You can’t beat this time of year when the cold gives way to sunshine and more daylight.
This is the start of our busiest time on the farm. On our list of jobs to do is:
- Preparing the vegie patch for planting
- Fertilise the garden
- Preparation for the fire season
- Bug maintenance
The start of spring is a great time to start your garden fertilising routine. I like to start with a slow release fertiliser and liquid Seasol at the start of the season, then I fertilise on a monthly basis from then onwards for all my plants and lawn. I like to use:
- Dynamic lifter
- Blood n’ bone
- Chicken manure
This is also when I start preparing my vegie patch for planting. I can’t plant until mid to late October, as it is still too cold on the farm and no seed will grow. But this doesn’t mean I can’t start my preparation by adding extra nutrients into the soil now, to give my vegies the best start when the soil starts to warm.
Now is also the time to look at your lawn. We like to start with mowing the lawn first week in September on a high cut, followed by a mow in two weeks on a low setting and this is when we also fertilise. But even if you don’t have acreage like me, give your lawn a mow, aerate with a garden fork, throw on some compost and water it in. Your lawn with love it.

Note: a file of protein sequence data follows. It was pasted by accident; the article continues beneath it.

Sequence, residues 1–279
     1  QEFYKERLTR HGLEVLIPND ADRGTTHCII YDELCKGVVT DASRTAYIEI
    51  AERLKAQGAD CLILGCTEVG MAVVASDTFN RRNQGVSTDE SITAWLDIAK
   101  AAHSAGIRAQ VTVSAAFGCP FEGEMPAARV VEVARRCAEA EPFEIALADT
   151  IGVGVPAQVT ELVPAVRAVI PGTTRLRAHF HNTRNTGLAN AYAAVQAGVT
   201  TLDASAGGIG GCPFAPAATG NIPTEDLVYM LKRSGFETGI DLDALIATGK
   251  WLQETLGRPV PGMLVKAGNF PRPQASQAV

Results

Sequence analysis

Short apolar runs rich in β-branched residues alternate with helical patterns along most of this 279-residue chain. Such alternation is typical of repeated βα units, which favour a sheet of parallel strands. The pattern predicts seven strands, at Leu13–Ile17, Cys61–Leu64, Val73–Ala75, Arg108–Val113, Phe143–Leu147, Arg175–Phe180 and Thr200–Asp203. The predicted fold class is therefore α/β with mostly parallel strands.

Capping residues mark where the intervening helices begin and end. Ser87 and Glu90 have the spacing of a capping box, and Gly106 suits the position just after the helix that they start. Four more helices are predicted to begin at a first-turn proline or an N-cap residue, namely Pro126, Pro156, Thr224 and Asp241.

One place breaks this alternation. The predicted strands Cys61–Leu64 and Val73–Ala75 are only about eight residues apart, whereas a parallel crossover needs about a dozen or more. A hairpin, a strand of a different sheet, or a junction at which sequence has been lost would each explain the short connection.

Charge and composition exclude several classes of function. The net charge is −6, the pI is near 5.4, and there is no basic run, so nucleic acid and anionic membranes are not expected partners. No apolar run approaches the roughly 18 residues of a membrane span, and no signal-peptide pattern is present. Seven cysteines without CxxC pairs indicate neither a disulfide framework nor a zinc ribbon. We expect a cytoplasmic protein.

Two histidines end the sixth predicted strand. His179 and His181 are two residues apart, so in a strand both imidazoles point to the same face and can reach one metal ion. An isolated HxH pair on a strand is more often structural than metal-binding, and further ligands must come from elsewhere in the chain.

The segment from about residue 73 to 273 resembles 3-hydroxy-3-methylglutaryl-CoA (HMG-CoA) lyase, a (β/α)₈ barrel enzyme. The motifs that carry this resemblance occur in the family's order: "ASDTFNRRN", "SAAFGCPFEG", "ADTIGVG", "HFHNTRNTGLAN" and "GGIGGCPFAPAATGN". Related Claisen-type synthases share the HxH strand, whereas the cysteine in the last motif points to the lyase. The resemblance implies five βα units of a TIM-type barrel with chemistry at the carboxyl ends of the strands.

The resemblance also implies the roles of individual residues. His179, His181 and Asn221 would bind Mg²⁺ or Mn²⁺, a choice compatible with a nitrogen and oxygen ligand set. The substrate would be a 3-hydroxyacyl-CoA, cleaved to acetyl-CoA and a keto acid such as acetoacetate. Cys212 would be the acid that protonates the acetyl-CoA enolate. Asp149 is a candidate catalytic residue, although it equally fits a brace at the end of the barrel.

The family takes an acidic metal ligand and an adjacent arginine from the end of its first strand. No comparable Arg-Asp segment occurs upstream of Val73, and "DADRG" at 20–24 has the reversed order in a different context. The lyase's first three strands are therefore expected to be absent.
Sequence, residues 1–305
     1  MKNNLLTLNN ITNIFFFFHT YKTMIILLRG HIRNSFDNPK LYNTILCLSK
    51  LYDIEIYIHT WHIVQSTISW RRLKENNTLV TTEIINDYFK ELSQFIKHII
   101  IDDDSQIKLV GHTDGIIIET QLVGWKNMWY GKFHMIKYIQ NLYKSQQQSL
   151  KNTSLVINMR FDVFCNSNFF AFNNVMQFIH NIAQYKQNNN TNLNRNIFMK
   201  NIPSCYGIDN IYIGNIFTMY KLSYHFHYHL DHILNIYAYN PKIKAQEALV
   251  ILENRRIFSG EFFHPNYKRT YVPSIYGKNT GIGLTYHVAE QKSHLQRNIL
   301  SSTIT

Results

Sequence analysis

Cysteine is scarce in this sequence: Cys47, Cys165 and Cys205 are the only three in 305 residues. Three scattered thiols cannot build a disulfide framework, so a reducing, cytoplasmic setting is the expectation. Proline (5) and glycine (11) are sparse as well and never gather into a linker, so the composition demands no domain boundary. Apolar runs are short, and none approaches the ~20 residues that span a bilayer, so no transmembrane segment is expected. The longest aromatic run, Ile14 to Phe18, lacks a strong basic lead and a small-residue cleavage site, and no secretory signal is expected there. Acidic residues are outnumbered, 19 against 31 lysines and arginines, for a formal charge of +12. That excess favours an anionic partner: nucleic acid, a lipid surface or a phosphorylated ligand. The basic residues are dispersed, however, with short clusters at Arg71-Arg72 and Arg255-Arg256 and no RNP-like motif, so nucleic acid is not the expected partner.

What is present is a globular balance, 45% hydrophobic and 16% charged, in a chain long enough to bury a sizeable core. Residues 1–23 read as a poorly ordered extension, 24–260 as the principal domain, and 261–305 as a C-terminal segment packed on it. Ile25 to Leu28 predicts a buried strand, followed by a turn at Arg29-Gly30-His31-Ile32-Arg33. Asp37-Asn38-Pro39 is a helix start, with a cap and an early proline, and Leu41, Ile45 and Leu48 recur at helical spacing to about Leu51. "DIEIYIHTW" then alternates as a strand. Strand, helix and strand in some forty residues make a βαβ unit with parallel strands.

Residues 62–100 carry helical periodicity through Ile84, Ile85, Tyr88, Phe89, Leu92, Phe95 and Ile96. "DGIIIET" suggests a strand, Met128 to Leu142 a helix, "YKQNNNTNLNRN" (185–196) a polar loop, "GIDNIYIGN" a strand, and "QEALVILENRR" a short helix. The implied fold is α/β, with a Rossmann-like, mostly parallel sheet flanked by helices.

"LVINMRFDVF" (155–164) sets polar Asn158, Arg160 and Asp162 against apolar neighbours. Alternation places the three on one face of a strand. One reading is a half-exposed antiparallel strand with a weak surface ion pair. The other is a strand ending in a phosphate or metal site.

Although I fertilise my plants on a monthly basis, I also like to give them a drink of Seasol, especially when the weather is going to be extreme. Seasol helps to reduce heat stress and your plants burning. Perfect leading up to summer.
And this brings me on to the next point on my list: Fire Season Preparation. Spring means that we go into full swing on fire preparation. It’s really important for us all to think about our preparation for the fire season, no matter where we live. Check out your State’s CFS or RFS website for information on how to protect your family and home from bush fires.
For us, it’s clearing the winter debris that has fallen over, dropped in the winds or has just died off. Mowing the property to keep dry grass to a minimum, at least 3 times before Christmas depending on the weather. It may not sound like a major task, but when it takes 6 hours to mow the property, not including the animal paddocks, it’s not so simple. But when you take on property, no matter how big or small, you have to be responsible for it, and we wouldn’t have it any other way. Besides, we get to ride the ride-on mower, who wouldn’t love that?!